Saudi Aramco plans first change in Asia crude oil price formula in decades

Saudi Aramco is changing the formula it uses to price its long-term crude oil sales to Asia, representing the first change to benchmarks for its official selling prices (OSP) since the mid-1980s. (Shutterstock)
Updated 04 July 2018
0

Saudi Aramco plans first change in Asia crude oil price formula in decades

  • Saudi Aramco’s long-standing price marker was the average of Platts Dubai and Platts Oman assessments
  • The company’s new Asia marker will replace Platts Oman with Dubai Mercantile Exchange (DME) Oman

LONDON: Saudi Aramco is changing the formula it uses to price its long-term crude oil sales to Asia in a move aimed at improving the overall reliability of its pricing.

It represents the first change to benchmarks for its official selling prices (OSP) since the mid-1980s, the company said on Wednesday.
Reuters earlier reported the planned changes from industry sources.

Saudi Aramco’s long-standing price marker was the average of Platts Dubai and Platts Oman assessments.

The company’s new Asia marker will replace Platts Oman with Dubai Mercantile Exchange (DME) Oman effective Oct. 1, 2018, effectively creating a hybrid between two major Asia benchmarks.

“We’re rebalancing our Asia marker to ensure that it is underpinned by a broad and vibrant marketplace,” said Ahmed Subaey, Saudi Aramco’s vice president of marketing, sales and supply planning.The inclusion of the DME Oman price complements the existing Platts Dubai price to provide our customers with better visibility into price dynamics.”

He said that the idea behind the change was to make sure the marker was market-reflective, well regulated and predictable.

Launched more than a decade ago, the DME Oman contract has become the most liquid physically deliverable futures contract for Middle East crude oil.

“It is obvious — look at the trading volumes of DME versus Platts for Oman,” Adi Imsirovic, a teaching fellow at the University of Surrey’s Energy Economics Center told Reuters.

Saudi Aramco’s decision could improve the liquidity for Oman futures trading on the DME and also for derivative instruments based off the Oman contract for hedging or price conversion purposes, a Singapore-based trader told the newswire.

“This is a good change as Platts Oman cannot be hedged,” he said.

Gulf oil exporters including Saudi Arabia and the UAE want to boost oil exports to Asia as they increasingly compete with US exports to the region.

Saudi authorities plan to list 5 percent of Aramco on the Tadawul exchange and an as-yet unspecified stock market with London and New York competing for the prize listing that has been touted as the world’s biggest IPO.

The oil giant has spare capacity of 2 million barrels per day (bpd) and can meet additional oil demand in case of any interruption in supplies, the company said this week.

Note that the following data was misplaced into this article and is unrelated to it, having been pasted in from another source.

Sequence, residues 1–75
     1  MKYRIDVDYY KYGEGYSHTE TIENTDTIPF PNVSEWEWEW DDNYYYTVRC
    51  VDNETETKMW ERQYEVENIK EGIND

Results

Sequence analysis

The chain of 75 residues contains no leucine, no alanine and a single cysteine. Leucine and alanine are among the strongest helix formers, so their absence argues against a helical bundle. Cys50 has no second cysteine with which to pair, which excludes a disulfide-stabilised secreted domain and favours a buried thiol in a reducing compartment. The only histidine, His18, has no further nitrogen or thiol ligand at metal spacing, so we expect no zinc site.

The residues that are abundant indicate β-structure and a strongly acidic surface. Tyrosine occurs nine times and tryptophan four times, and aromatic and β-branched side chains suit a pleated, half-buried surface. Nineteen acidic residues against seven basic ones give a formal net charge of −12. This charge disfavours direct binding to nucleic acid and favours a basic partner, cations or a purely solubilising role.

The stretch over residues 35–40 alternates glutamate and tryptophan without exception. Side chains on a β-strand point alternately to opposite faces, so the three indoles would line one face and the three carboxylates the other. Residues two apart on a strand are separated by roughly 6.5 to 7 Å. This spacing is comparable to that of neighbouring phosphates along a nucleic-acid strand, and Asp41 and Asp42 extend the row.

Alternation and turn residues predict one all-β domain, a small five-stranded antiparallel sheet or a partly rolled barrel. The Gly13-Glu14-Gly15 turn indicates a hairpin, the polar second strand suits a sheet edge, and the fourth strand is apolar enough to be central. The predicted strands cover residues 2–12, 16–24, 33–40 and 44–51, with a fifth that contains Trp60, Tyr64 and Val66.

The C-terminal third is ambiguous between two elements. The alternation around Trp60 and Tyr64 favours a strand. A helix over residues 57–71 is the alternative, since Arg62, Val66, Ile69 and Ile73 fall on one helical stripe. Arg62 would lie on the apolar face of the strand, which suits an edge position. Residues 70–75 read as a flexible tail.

The world’s third largest crude oil supplier currently produces about 10 million bpd and has the capacity to produce 12 million bpd, CEO Amin Nasser said.

OPEC and non-OPEC producers including Russia have agreed on small increases in oil production from July, after pressure from major consumers to curb rising costs.


Apple’s Cook to China: keep opening for sake of global economy

Updated 23 March 2019
0

Apple’s Cook to China: keep opening for sake of global economy

  • Cook’s comments come as Apple weathers sinking sales in China
  • Despite official pledges and repeated assurances that China would continue to open its markets

BEIJING: Apple chief executive Tim Cook nudged China on Saturday to open up and said the future would depend on global collaboration, as the United States and China remained locked in a bitter trade dispute.
“We encourage China to continue to open up, we see that as essential, not only for China to reach its full potential, but for the global economy to thrive,” Cook said at a China Development Forum in Beijing.
Despite official pledges and repeated assurances that China would continue to open its markets, some analysts worry that its reform project has slowed or even stalled under President Xi Jinping, who has sought greater control over the economy and a bigger role for state-owned firms at the expense of the private sector.
Cook’s comments come as Apple weathers sinking sales in China because of a contracting smartphone market, increasing pressure from Chinese rivals, and slowing upgrade cycles. The company reported a revenue drop of 26 percent in the greater China region during the quarter ending in December.
Before those results came out, in a January letter to investors, Cook blamed the company’s poor China performance on trade tension between the United States and China, suggesting that pressure on the economy was hurting sales in China.